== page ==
Easter Scorecard: Chocolate Companies Earn "Rotten" and "Good" Eggs for Child Labor and Sustainability Practices

Hands holding cocoa beans
Etty Fidele
2021 Easter Scorecard: “Rotten Egg Award” Goes to Storck, While Alter Eco, Tony’s Chocolonely and Whittaker’s Get “Good Egg” Awards; Godiva Improves From 2020 Last Place Showing.

Washington, D.C. – March 17, 2021 – Ahead of Easter, many of the world’s biggest cocoa traders, chocolate manufacturers and retailers are still failing to address social and environmental concerns, according to the 2021 joint Easter Scorecard published by Be Slavery Free, Green America, Inkota, Mighty Earth, and National Wildlife Federation.

Storck, a confectioner with production facilities in Germany and 21 international subsidiaries, received the lowest marks – the “Rotten Egg Award'' – for its lack of responsiveness and transparency. Their brands include Werther’s Original, Riesen, Toffifee, Merci, Colourful World, and Bendicks.

The “Good Egg” was awarded to three highest-ranking companies:  

  • Alter Eco, a US-based company with distribution in the US and Europe, received its first Good Egg. The NGOs also acknowledged its partner Chocolats Halba / Sunray for Halba’s role in helping Alter Eco achieve sustainability goals.
  • Tony’s Chocolonely, a Netherlands-based multinational company, received the Good Egg for the second time in a row.
  • Whittaker’s, from New Zealand with products available primarily in Australia and New Zealand, also received the Good Egg for the second year in a row.

Previous Rotten Egg “winners” have since substantially improved their performance on sustainability across the board. 2020 Rotten Egg recipient Godiva made major progress on living income policies and its environmental work, and 2019 Rotten Egg recipient Sucden made progress on all categories of sustainability.

"With this scorecard, consumers in the US, Europe, Australia, New Zealand, Japan, and beyond can buy Easter chocolates from the heart. They now have clear guidance on which companies are shining and which companies’ treats are likely tainted by deforestation and human rights abuses,” said National Wildlife Federation Senior Advisor Etelle Higonnet. “Consumers can now buy chocolate with their eyes wide open and use their purchasing power to push laggards like Storck and reward industry leaders Alter Eco, Tony’s Chocolonely, and Whittaker’s.”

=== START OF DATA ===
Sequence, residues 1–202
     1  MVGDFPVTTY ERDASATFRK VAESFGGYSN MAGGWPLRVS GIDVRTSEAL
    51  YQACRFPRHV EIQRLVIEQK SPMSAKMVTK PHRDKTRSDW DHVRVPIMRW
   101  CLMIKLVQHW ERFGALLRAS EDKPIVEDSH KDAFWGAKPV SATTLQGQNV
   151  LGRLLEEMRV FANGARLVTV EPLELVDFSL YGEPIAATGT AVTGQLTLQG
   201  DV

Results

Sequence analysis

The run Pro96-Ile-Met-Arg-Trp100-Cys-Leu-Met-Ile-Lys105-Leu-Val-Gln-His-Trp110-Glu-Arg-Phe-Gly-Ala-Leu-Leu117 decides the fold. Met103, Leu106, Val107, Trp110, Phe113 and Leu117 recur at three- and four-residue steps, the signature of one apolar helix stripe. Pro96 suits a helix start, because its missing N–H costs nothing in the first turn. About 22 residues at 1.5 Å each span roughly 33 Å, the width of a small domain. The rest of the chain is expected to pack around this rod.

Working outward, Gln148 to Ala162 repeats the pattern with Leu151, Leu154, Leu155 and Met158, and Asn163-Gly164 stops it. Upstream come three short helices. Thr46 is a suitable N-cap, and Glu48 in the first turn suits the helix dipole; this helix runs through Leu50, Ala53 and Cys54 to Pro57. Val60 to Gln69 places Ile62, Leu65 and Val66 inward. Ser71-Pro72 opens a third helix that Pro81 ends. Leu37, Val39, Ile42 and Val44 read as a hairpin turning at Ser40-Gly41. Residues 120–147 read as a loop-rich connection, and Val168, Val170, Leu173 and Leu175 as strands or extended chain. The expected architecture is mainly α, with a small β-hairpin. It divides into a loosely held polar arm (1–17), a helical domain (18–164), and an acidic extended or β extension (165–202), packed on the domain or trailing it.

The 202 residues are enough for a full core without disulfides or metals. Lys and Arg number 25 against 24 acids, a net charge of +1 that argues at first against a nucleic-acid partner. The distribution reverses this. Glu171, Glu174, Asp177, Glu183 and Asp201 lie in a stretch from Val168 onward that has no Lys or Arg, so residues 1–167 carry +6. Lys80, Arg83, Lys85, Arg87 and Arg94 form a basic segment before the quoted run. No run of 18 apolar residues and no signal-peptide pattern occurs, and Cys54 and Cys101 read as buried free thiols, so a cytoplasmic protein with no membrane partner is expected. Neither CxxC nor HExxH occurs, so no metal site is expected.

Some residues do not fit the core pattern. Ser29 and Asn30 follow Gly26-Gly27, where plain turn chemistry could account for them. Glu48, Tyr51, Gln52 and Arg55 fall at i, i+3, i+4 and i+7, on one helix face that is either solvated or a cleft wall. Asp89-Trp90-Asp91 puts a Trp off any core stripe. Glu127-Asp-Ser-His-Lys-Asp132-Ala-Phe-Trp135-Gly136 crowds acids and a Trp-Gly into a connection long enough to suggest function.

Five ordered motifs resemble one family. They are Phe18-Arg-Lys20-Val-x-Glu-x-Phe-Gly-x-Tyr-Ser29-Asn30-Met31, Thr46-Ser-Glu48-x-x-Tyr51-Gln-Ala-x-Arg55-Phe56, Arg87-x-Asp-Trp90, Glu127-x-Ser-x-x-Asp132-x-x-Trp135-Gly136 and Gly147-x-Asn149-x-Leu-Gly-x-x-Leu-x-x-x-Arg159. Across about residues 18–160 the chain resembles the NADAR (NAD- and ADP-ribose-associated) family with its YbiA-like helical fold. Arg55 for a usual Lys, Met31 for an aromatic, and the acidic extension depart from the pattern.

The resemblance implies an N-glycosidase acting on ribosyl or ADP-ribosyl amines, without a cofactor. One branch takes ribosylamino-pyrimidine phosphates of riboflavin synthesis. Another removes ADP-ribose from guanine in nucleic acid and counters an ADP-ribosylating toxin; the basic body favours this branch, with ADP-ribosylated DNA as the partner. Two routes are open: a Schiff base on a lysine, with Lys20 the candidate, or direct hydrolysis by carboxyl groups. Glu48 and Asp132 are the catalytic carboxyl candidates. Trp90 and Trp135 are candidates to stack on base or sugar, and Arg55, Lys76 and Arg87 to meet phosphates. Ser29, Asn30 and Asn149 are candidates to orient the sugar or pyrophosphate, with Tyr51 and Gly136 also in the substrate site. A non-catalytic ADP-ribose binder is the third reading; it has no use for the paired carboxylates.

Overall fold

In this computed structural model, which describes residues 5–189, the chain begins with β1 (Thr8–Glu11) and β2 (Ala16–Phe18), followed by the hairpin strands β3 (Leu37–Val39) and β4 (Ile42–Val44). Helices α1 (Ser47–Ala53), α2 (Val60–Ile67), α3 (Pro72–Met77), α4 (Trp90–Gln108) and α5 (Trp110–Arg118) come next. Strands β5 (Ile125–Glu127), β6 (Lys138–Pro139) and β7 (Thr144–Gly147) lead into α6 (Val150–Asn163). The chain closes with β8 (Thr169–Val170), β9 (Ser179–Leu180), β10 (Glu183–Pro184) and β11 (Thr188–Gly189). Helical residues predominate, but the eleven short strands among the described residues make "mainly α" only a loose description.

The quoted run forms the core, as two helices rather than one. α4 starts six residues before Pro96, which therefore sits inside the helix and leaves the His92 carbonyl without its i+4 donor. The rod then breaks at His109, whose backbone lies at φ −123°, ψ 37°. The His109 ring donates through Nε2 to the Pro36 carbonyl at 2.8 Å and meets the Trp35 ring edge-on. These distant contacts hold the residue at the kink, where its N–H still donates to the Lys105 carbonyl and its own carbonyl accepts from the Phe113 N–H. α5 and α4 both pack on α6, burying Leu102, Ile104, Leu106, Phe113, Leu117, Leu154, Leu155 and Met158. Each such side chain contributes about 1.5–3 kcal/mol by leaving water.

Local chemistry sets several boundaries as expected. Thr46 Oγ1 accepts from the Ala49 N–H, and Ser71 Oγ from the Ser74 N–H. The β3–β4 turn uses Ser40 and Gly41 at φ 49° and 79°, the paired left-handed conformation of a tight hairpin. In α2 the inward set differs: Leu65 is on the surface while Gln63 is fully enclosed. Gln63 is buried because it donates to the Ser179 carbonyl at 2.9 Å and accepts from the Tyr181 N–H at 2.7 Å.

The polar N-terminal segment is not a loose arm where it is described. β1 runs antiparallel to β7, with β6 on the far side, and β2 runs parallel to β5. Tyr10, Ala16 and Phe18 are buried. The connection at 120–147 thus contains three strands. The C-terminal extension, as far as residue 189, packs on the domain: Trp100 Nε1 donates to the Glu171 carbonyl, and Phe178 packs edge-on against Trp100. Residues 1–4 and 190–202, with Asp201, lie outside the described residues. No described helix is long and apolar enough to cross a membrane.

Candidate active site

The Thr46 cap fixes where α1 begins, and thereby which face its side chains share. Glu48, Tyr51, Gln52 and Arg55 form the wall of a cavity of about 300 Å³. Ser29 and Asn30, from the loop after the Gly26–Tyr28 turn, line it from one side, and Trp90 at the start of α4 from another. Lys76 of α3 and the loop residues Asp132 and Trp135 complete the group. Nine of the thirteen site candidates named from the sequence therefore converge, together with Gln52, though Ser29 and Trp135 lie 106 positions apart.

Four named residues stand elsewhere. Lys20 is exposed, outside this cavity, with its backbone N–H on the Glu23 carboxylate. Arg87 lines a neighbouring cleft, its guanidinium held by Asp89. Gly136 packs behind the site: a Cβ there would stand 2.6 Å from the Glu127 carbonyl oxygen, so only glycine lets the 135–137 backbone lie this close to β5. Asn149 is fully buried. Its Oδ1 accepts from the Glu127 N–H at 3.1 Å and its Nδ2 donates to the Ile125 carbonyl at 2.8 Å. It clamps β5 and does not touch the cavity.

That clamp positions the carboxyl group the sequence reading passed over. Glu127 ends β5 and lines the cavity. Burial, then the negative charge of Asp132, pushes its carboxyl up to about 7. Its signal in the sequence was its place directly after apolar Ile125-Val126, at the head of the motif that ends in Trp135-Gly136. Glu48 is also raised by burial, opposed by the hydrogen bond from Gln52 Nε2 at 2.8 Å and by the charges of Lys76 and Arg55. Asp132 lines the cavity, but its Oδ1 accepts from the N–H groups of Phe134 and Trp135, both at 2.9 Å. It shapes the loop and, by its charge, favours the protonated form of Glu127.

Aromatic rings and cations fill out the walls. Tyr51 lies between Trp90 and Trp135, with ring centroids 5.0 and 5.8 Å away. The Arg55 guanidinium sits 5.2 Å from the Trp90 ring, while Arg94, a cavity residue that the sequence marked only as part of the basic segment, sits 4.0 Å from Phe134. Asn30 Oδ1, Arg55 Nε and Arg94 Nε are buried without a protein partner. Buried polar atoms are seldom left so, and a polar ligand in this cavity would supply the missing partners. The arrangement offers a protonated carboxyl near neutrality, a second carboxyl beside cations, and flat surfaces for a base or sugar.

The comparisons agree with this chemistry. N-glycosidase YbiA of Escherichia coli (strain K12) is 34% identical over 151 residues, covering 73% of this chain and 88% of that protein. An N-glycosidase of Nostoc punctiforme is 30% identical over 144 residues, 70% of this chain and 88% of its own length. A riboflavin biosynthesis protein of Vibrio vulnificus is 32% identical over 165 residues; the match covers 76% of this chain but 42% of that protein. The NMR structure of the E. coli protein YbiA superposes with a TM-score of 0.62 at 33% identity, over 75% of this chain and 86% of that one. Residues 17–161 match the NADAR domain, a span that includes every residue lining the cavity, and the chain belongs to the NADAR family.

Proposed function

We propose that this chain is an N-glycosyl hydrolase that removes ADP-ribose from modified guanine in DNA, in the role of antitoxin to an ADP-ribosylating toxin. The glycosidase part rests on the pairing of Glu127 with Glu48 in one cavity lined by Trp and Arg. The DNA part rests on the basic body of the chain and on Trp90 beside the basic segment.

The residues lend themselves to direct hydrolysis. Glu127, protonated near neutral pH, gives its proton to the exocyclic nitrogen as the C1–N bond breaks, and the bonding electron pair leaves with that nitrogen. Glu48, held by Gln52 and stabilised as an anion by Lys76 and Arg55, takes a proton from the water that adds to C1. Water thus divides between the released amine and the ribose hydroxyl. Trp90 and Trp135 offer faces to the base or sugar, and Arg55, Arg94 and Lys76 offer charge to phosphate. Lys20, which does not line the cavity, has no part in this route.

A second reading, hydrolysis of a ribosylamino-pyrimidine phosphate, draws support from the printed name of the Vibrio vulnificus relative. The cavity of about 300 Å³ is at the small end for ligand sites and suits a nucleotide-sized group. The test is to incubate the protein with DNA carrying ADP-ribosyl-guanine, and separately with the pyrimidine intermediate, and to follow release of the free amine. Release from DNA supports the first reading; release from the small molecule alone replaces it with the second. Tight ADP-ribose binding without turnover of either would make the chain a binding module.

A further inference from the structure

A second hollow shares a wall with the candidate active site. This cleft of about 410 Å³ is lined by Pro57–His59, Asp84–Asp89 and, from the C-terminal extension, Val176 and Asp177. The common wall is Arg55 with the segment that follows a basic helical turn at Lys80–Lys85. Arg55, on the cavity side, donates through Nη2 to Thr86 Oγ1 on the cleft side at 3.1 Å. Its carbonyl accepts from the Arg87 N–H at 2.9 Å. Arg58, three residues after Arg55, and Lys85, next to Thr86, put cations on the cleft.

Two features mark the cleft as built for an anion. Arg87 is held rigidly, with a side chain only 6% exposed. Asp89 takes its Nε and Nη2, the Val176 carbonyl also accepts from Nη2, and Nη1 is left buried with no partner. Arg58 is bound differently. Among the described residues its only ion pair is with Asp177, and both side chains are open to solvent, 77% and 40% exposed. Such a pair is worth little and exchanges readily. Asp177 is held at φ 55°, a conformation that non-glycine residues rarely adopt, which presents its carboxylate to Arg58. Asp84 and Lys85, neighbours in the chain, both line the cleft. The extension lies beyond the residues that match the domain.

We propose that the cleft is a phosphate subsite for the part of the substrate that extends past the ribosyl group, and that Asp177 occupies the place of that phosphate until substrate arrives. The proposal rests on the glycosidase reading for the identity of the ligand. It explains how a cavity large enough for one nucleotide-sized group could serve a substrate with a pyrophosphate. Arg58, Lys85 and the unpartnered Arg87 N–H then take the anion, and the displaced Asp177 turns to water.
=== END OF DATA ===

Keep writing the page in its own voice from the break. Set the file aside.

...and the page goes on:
The groups surveyed 31 chocolate companies and cocoa suppliers, estimated to be supplying over 80 percent of the world’s chocolate confectionery. The companies were scored on the six most pressing sustainability issues facing the chocolate industry: human rights due diligence; transparency and traceability; deforestation and climate change; agroforestry; living income policies; and child labor. Brands were then placed into one of four categories, with those awarded a green bunny leading the industry on policy, or a red bunny for needing to catch up with the industry. Those companies who chose not to participate in the scorecard also received a red bunny.

Cocoa companies, particularly those in the Cocoa & Forests Initiative, have taken an important step to increase traceability in their supply chains by mapping over one million farms since 2018, and most major chocolate companies have disclosed at least some of their Ivorian cocoa supply chains in Mighty Earth’s Cocoa Accountability map.

“We have seen the most positive progress in the traceability category in recent years,” said Charlotte Tate, Labor Campaigns Director at Green America. “Companies are getting better quickly on this issue, but most still aren’t crossing the finish line. In order to address all other issues in the scorecard, companies must first know where the cocoa is coming from. Without that information, there is little hope of ending child labor, farmer poverty, or deforestation. Companies must have fully traceable supply chains, paired with transparent reporting.”

Besides the traceability trend, the scorecard provides a snapshot on farmer income. “A staggering 180 million wrapped or boxed eggs are purchased for Easter every year. That doesn't include mini or creme eggs which are huge sellers. Not enough of the chocolate industry’s money goes to countries where cocoa is grown, or to cocoa farmers themselves,” said Fuzz Kitto, Co-National Director of Be Slavery Free in Australia. “Most cocoa farmers earn under $1 per day, with women farmers making as little as $0.30 daily – they are especially hard hit by economic disruption in this pandemic.”

Another trend in the Easter scorecard is the slow but steady improvement of Japanese companies on certain sustainability metrics over the past four years. However, Japanese chocolate companies still need stronger policies with monitoring and enforcement to end child labor, poverty and deforestation in their cocoa supply chains. The Japanese sector must evolve quickly to avoid underperforming relative to its global peers. The creation of a new “cocoa platform” launched by the Japan International Cooperation Agency (JICA) in 2020 could be the key to address sustainability problems industry-wide by bringing together government, industry, and non-profits.